A one-handed, racist psychopath has searched for his severed hand for the 27 years, and his search brings him to a seedy motel room and two drug dealers.
So begins the Cave Theatre production of “A Behanding in Spokane” by Martin McDonagh. When he was a child, six hillbillies held Carmichael down while a train sliced off his hand. As they ran away with the hand, they turned back just long enough to use it to wave goodbye to the injured boy.
Carmichael’s unending quest to recover his hand has turned him into “a tyrannical sadist,” said freshman theatrical studies major Cody Alexander, who portrays him in the play.
Toby and Marilyn, two drug dealers played by freshman acting and business administration major Keith Overall and junior acting major Jackie Seijo respond to a want ad Carmichael puts out for his hand.
“Toby is in search of a quick and easy come-up or scheme for $500 to be able to take Marilyn and himself to a place more resourceful, fun and pretty than Tarlington, Ariz.,” Overall said.
The couple meets up with Carmichael at a motel in Tarlington for the exchange — the hand for $500. However, things take a turn for the worse when Carmichael discovers that he’s been scammed.
One of the challenges Seijo faced was keeping the sense of urgency, which the show requires.
“The whole time, there is this threat of dying in the most horrible way we could ever imagine,” she said.
Throughout the play, Mervyn, the receptionist played by sophomore telecommunications and theatre studies major Nick Murhling, attempts to play the hero in order to overcome his feelings of worthlessness. However, he instead creates numerous other dilemmas for all involved. He distracts Carmichael from his plans and further complicates them, from his initial goal of retrieving his hand to his punishment of the couple for trying to scam him.
“Throughout the play, we see him trying to budge in on all of the exciting action going on in Carmichael’s room” Murhling said.
Brent Eickhoff, a junior directing and theatre education major, is the director for this performance. He selected this script for its dark comedic elements and described it as “such a bizarre little story” that reveals “a lot of real human emotions under the surface that gives more weight than the show seems to have at first.”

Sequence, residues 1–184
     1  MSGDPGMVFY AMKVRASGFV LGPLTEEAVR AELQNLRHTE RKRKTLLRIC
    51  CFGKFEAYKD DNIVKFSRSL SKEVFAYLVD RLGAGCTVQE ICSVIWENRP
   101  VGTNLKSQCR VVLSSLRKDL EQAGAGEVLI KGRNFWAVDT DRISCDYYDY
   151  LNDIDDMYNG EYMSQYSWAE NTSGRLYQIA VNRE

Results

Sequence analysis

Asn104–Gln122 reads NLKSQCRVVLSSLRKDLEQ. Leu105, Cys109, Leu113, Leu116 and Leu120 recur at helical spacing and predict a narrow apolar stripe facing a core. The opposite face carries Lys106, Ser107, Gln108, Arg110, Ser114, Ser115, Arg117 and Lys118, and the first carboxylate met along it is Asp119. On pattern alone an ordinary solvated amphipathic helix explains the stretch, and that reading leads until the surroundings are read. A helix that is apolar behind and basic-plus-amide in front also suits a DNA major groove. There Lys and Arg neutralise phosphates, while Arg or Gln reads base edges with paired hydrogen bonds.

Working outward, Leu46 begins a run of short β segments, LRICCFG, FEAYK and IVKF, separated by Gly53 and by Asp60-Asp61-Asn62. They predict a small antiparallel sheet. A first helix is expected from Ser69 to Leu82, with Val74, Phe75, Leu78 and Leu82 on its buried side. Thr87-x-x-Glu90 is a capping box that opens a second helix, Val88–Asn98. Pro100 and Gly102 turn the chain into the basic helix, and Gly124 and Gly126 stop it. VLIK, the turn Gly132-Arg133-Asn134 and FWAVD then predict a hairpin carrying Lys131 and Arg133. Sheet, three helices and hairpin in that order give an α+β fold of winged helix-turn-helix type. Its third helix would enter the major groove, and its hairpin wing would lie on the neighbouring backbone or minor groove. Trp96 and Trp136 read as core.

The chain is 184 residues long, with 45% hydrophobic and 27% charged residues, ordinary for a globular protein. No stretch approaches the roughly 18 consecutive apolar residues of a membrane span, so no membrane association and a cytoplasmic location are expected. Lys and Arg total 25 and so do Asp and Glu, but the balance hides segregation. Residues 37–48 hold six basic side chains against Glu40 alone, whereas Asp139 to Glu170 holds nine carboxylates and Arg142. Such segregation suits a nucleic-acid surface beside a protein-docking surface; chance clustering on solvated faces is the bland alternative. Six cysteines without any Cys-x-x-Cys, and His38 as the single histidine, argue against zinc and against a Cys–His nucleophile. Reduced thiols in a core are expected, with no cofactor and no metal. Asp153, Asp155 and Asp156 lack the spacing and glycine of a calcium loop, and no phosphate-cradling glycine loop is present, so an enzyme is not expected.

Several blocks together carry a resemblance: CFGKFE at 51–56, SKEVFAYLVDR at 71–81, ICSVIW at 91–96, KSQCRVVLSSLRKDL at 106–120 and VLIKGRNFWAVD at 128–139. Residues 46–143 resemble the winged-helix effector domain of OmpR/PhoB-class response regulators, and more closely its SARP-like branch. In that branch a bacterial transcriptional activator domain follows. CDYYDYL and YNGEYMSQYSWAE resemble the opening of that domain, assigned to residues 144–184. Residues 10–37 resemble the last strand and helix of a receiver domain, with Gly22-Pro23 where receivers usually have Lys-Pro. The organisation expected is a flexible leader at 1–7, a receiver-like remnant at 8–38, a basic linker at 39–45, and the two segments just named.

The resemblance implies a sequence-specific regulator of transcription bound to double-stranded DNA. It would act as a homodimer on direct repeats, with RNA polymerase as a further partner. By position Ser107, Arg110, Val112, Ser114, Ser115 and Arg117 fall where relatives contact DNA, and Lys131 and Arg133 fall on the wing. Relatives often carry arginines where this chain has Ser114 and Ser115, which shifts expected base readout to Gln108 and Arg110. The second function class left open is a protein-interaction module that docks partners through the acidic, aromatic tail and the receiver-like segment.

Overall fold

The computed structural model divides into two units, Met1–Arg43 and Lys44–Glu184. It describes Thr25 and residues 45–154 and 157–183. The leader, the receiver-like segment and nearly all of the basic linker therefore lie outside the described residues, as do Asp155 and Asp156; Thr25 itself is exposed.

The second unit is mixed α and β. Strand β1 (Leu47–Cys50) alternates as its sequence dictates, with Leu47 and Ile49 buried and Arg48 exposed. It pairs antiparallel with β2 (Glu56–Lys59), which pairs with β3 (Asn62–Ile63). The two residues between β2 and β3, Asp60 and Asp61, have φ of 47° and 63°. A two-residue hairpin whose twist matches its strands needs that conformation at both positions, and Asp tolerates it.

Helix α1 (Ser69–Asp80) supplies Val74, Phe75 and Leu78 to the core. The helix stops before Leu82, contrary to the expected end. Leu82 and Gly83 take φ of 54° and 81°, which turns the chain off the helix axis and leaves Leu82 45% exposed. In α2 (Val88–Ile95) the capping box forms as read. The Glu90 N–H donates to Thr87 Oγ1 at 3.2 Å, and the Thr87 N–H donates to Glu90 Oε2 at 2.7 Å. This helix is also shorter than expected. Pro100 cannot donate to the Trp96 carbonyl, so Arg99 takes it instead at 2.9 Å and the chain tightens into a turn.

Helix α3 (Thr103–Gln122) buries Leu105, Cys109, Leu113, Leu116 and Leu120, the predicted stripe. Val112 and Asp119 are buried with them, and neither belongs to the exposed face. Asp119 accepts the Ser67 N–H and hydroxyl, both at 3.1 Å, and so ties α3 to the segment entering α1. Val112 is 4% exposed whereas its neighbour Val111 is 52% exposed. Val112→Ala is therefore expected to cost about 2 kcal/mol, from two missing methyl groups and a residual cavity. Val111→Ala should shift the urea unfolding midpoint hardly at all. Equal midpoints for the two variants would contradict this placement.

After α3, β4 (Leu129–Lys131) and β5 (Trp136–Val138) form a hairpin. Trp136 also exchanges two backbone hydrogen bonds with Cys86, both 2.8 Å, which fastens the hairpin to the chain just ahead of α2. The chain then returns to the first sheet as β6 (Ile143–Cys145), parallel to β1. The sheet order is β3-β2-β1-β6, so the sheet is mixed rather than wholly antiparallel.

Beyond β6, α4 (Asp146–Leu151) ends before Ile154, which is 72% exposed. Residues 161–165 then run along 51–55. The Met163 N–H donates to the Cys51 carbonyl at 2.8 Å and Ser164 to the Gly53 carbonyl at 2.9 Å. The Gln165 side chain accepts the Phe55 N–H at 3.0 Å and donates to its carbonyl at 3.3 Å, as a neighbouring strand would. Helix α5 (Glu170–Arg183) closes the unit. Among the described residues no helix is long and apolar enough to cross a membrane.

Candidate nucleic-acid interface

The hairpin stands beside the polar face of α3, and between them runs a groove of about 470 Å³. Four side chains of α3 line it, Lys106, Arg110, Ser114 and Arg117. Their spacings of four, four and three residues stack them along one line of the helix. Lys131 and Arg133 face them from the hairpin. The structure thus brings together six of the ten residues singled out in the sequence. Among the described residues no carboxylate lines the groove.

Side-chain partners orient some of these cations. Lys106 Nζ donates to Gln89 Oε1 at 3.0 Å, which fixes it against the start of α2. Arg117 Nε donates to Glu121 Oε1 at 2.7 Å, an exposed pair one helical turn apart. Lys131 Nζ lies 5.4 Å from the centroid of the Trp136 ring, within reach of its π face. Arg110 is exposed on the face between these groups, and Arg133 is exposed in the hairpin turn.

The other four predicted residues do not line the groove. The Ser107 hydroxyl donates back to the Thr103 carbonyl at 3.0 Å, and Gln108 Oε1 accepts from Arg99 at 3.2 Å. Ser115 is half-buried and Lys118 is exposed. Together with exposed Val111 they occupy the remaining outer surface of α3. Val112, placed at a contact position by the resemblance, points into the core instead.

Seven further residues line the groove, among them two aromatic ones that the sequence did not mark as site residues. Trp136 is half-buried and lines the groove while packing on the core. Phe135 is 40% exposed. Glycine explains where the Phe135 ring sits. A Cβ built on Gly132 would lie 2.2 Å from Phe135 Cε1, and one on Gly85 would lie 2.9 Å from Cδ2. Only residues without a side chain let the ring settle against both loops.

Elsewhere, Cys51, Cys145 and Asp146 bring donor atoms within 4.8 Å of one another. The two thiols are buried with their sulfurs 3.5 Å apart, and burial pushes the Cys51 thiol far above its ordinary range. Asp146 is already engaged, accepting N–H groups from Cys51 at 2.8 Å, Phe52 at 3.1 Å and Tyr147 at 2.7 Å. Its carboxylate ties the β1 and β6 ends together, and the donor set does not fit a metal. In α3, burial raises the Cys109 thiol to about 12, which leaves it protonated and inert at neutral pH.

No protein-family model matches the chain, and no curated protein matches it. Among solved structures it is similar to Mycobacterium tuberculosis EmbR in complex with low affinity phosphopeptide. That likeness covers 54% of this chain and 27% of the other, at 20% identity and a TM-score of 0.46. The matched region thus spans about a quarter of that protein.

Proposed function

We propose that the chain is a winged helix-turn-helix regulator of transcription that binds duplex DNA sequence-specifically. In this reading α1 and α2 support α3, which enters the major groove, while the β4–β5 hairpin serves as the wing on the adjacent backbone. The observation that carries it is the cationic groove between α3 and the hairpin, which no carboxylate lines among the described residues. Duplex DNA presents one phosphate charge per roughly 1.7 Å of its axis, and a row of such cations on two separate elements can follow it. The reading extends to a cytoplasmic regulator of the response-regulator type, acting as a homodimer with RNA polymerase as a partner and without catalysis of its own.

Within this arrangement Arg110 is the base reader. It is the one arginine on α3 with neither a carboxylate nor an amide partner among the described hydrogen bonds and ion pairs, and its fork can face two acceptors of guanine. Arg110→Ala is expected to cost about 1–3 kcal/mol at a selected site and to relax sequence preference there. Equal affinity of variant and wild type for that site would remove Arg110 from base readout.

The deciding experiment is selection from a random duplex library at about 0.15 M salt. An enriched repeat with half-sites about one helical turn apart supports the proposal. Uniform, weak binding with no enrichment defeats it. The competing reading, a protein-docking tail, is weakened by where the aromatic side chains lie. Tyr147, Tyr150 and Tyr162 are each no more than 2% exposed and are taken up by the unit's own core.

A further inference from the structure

Alexander’s role as Carmichael presented him with a challenge of getting into a whole different mindset, he said. In order to delve into this character type, he studied other representations of psychopaths in performances and also studied serial killer psychology.
For this show, Eickhoff said he is trying to explore the self-assuring lies people tell themselves and how far they will go in their quests for fulfillment. His artistic vision hovered between the realms of the “weirdly ugly” and the “familiarly sad.”
“The set design and costumes help to build this ugly, grungy hotel room that kind of parallels each character’s emptiness, to a certain degree,” he said. “Even within this melancholy world, though, are secrets and suspense, humor and hope.”
In addition to the set and costumes, there are several props in this performance, namely, severed hands that appear throughout the show. Because Carmichael is one-handed, Alexander needed a hand stub. These props set “A Behanding in Spokane” apart from most Cave Theatre performances because they are generally minimalistic.
Seijo said this show satirizes the American dream.
“We’re always reaching for something better than what we have,” she said. “We need to take time to appreciate what we do have.”